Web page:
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The ODD journal is the project that has never quite made it to the table, so we are thrilled to finally be launching our summer scribblings - each a celebration of outdoor living. Over the next few months, we'll be visiting friends of ODD for a glimpse of how they spend the deliciously long days of the British summer and to hear their thoughts on some of our favourite subjects.​

 

One such friend is Luke Edward Hall. In late May, we found ourselves bumping down the track to the cottage he shares with his husband, Duncan. Although familiar from Instagram, nothing can quite prepare you for quite how sweet the cottage is in aspect.​

 

Set up from the lane, it overlooks and opens onto a gentle Cotswoldian valley, just a dozen steps from the kitchen doors. To one side there is a meadow of cow parsley; to the other there are flower beds, a kitchen garden and a rosemary-lined pathway leading out of the house.​

 

Bar the cattle in the fields, there are no eyes upon them, which might feel lonely if the house wasn't so full of life. Friends drop in unannounced and farmers wave their greetings passing by on tractors. Fiddle music plays and a superb lunch is conjured effortlessly for everyone.

 

​It feels almost a crime not to dwell on the delights of the interiors, but that would be rather missing the point. Gardens are so often sidelined or celebrated as exhibits more than living spaces. Our journal is here to honour the outdoor spaces that bring us such joy in the summer months, and where better to start than this utopian garden created from nothing, so much a product of Luke & Duncan's love of outdoor living.​​

Your garden is so charming. Quintessentially English - very romantic but also functional and well planned, it seemed to me. How would you describe it?

 

That’s kind. It’s definitely very cottagey, which is what we really wanted. In the summer we have a mix of foxgloves, roses, lupins, peonies... Romantic is a lovely word to describe it. I love gardens that feel wild or at least semi-wild. I don’t like things to be particularly tidy, and I like plants spilling everywhere. I want things shooting up out of cracks in the paving, and I want the courgettes and climbing beans to basically take over a whole corner of the garden. I want it to feel like a place to get lost in, like it’s taking over the senses. But yes, it’s functional, too, thinking about our vegetable beds, and the cutting beds which provide us with an abundance of tulips and dahlias.

 

Duncan told me there was no garden before. What was your approach to creating it? Where did you start?

 

We took advice from friends on the initial layout – where to put the raised beds, hazel fencing and so on, and we got a local garden company in to help with the heavy lifting. Then we basically just experimented. We started growing the things we knew we really wanted – tulips, dahlias, roses... Everything is an experiment, but after a few years it’s nice to know that certain things will now always return. The cycle of the year is a joy.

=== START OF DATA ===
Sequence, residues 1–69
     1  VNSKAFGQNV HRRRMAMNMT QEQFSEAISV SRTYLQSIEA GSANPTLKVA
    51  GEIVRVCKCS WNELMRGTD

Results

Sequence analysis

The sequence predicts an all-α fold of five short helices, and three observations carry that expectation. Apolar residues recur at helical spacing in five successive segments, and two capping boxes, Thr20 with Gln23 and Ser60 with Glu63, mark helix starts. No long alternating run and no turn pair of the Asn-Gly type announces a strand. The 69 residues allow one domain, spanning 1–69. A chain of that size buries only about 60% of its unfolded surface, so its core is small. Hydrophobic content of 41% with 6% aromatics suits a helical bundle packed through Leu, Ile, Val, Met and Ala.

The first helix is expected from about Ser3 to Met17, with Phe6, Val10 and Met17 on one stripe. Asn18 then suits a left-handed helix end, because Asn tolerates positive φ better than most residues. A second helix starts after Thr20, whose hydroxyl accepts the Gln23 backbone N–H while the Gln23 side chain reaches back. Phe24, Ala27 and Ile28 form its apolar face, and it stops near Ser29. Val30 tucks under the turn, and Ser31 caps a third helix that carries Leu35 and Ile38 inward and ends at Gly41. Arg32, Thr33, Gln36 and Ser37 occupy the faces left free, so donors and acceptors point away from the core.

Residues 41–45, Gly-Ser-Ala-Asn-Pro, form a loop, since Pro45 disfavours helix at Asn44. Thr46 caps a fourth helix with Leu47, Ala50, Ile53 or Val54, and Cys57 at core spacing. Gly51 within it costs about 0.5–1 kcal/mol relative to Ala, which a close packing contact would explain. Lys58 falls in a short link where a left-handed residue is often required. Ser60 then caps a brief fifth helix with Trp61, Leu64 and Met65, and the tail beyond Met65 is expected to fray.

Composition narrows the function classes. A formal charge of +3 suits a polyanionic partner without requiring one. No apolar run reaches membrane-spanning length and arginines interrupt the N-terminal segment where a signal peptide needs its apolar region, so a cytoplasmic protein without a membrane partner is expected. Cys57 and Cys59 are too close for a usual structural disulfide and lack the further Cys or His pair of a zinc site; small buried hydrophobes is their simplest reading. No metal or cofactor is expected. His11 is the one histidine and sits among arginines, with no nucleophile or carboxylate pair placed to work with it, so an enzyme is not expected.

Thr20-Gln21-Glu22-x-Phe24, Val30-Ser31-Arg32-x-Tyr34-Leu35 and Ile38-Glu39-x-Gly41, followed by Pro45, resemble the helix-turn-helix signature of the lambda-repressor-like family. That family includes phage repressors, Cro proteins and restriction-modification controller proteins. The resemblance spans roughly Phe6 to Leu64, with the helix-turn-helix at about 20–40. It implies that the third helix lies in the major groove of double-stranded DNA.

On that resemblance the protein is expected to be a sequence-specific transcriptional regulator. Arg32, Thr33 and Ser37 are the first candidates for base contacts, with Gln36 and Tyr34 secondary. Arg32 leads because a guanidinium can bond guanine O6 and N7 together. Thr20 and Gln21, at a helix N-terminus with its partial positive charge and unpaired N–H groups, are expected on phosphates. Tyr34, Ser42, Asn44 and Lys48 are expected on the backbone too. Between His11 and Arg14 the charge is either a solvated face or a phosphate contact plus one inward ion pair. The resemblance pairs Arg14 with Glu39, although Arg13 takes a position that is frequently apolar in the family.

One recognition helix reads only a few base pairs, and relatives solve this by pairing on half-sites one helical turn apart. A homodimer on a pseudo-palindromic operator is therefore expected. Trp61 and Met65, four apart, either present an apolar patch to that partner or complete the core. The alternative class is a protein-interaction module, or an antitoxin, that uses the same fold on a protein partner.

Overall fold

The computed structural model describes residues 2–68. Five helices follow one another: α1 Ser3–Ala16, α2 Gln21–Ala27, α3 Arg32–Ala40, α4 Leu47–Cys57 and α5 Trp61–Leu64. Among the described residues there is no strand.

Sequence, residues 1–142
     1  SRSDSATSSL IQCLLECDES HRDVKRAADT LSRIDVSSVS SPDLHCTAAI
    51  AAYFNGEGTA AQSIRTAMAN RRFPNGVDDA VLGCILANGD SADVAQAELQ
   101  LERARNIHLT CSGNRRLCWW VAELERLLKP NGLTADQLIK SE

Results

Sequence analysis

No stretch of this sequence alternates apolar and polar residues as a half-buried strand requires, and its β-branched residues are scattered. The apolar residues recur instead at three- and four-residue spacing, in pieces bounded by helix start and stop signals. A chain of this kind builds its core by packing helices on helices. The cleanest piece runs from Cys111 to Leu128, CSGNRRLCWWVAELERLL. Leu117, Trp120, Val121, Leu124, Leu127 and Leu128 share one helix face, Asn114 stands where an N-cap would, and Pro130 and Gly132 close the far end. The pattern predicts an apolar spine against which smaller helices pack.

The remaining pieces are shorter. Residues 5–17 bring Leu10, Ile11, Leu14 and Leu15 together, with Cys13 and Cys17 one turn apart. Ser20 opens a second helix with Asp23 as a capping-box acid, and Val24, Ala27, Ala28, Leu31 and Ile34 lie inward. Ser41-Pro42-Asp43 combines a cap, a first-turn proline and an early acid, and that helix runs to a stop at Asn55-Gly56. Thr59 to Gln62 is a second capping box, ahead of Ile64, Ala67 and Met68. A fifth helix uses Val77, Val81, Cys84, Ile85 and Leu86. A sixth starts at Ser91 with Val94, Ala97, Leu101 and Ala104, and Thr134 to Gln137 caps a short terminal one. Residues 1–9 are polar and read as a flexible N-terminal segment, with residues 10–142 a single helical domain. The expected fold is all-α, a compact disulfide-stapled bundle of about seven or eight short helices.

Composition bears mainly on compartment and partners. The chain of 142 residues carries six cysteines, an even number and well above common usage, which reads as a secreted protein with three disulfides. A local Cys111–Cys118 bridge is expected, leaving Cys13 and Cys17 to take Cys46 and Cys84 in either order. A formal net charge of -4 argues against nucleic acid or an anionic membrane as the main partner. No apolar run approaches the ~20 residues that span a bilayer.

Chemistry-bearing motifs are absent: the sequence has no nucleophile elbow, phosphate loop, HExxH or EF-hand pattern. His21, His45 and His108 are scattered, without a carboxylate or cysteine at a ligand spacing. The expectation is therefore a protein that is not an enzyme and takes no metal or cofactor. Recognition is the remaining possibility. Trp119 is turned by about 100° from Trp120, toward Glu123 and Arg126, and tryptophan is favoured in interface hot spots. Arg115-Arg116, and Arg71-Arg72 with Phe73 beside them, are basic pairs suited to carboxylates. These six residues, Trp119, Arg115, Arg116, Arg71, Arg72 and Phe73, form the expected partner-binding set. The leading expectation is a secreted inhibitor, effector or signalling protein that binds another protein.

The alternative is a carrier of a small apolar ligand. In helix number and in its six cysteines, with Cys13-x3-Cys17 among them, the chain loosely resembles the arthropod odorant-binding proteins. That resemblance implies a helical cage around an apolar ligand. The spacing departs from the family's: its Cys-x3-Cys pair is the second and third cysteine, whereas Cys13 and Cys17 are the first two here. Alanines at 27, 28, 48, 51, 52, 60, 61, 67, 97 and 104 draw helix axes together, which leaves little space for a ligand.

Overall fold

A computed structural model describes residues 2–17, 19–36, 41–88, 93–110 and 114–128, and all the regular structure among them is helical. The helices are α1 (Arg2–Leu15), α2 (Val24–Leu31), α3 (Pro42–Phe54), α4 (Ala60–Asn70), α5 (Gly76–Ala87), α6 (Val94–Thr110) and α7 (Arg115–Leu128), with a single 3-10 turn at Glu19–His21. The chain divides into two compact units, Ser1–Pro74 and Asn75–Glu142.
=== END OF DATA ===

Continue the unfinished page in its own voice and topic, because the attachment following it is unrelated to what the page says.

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Are there any gardens that particularly inspire you?

 

I have a few favourites – Rousham for it’s wonderful sense of Arcadian tranquility; Great Dixter for the blowsiness and colour; Painswick Rococo Garden for its follies... Oh, and the garden at Asthall, which is completely magical.

 

What is the appeal of a garden or gardening to you? Is the process or the output more important?

 

Both I think. I’m a total novice, but I really enjoy the process of getting stuck in. You lose yourself. It’s a bit like when I’m drawing or writing. It’s good for the head. When we bring flowers we’ve grown into the house, we still get that feeling of disbelief – disbelief that it’s possible to grow such beauty in one’s own garden...

What brings you most pleasure from your garden?

 

A summer’s evening is the thing I keep in mind when it’s cold and wet and grey out there. That ideal evening – friends are over – someone’s podding broad beans; someone else is mixing drinks; Duncan is on barbecue duty; the dogs are causing havoc; the cows are lounging in the field next to the house; the sun is setting... That for me is just... it.

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What is your latest (horticultural) obsession?

 

Right now: pelargoniums. Although I get obsessed with them about this time every year. I love them, but I’ve not had enormous luck with keeping them alive. So every year I try again. Oh, and tomatoes! I’m growing a bunch of different varieties at the moment, in pots. And... water! I’d really like to bring some water into the garden somehow. Maybe with a stone trough...

What have you learnt?

 

We’re always learning... We’ve tried to grow some things that just don’t work at all. But mostly, if you stick something in the ground, it’ll find a way...

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What is the most memorable scene your garden has been the backdrop to (under your tenure)? Can you paint a brief picture for us?